History

History of Special Counsel Investigations

Special Counsel Robert S. Mueller III’s probe of Russian interference in the 2016 presidential election has dominated the political debate for the past two years, but it is only the latest in a long series of high-profile investigations of government scandals that have haunted past administrations and led to numerous convictions.

Although these independent prosecutors have had different titles over the decades and were appointed in different ways — from special prosecutor and independent counsel to special counsel — they all served a similar function: investigating suspected crimes by government officials and private citizens when allowing the Justice Department and other federal agencies to handle the investigation could result in a conflict of interest.

The first investigation by a special prosecutor dates back to 1875, when President Ulysses S. Grant appointed John B. Henderson to investigate the “Whiskey Ring” tax revenue scandal, in which a group of whiskey distillers bribed Internal Revenue officials and their accomplices in order to siphon off tax revenues. The investigation resulted in 238 indictments and 110 convictions, but not before Grant fired Henderson when the evidence began to point to Grant’s inner circle and the president’s personal secretary and friend, General Orville Babcock. Babcock ultimately was acquitted, after Grant gave a deposition in his defense.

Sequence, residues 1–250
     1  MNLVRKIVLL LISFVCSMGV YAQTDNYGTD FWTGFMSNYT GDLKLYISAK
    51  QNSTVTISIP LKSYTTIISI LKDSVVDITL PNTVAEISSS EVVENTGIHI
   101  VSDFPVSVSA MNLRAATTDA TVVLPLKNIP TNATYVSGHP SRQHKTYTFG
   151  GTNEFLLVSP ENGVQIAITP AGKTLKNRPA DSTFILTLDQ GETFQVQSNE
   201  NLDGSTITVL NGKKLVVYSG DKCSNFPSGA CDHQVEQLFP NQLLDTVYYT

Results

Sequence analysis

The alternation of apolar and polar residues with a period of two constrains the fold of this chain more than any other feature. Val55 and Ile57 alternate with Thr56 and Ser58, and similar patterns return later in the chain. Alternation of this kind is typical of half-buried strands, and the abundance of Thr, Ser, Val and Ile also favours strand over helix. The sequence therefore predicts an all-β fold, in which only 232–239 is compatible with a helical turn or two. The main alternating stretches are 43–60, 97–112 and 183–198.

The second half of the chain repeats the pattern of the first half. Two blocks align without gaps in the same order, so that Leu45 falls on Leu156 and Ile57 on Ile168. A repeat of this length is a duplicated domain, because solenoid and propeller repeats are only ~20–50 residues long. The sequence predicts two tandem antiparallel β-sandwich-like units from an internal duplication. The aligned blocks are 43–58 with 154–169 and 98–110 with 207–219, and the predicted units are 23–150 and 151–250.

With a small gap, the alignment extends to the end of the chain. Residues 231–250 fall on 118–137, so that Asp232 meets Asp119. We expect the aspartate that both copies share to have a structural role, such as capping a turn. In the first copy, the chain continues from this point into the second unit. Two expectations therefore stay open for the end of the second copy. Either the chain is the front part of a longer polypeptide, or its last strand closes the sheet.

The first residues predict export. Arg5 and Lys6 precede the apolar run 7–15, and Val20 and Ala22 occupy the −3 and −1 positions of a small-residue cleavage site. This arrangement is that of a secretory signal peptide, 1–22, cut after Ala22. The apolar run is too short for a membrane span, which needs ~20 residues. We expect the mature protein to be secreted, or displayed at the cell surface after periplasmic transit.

1876 Political cartoon by Thomas Nast.

But the most prominent of these probes began with the Watergate scandal of Richard Nixon’s administration, followed by investigations during the Ronald Reagan, George H.W. Bush and Bill Clinton administrations.

Over nearly a year and a half, the Mueller special counsel probe has cost a total of $25.1 million, according to the latest expenditure report issued by Mueller’s office on Dec. 14. The new report covers the period between April and September and is the third incremental expenditure report filed by Mueller since taking charge of the investigation May 17, 2017. The total figure covers both what the special counsel’s office spent on personnel, travel, rent, office supplies and related costs and what the Justice Department spent on activities and costs related to the investigation of Russian meddling in the 2016 election.

Trump has repeatedly denounced the investigation as a wasteful “witch hunt” and has claimed without documentation that it has cost more than $40 million so far.

For perspective on the Mueller investigation, here are some of the most notable and important special counsel investigations, beginning with Watergate.

1973-1977

In this March 15, 1973, file photo, President Richard Nixon tells a White House news conference that he will not allow his legal counsel, John Dean, to testify on Capitol Hill in the Watergate investigation .

Watergate investigation

Summary: In the wake of reports by The Washington Post and other media that his administration orchestrated a break-in at the Democratic National Convention headquarters and then covered it up, Republican President Richard M. Nixon appointed Elliot Richardson U.S. attorney general and empowered him to appoint a special prosecutor. Richardson tapped Harvard law professor Archibald Cox for the job on May 19, 1973.

Archibald Cox

Special prosecutor

Leon Jaworski

Special prosecutor
  • Length of probe: 4 years
  • Cost: About $47 million, adjusted for inflation in 2018 dollars

Cox subpoenaed the White House for tapes of Nixon discussing the cover-up. Nixon ordered Richardson and then-Deputy Attorney General William Ruckelshaus to dismiss Cox. Both resigned in protest. Solicitor General Robert Bork subsequently fired Cox. The incident became known as the “Saturday Night Massacre.”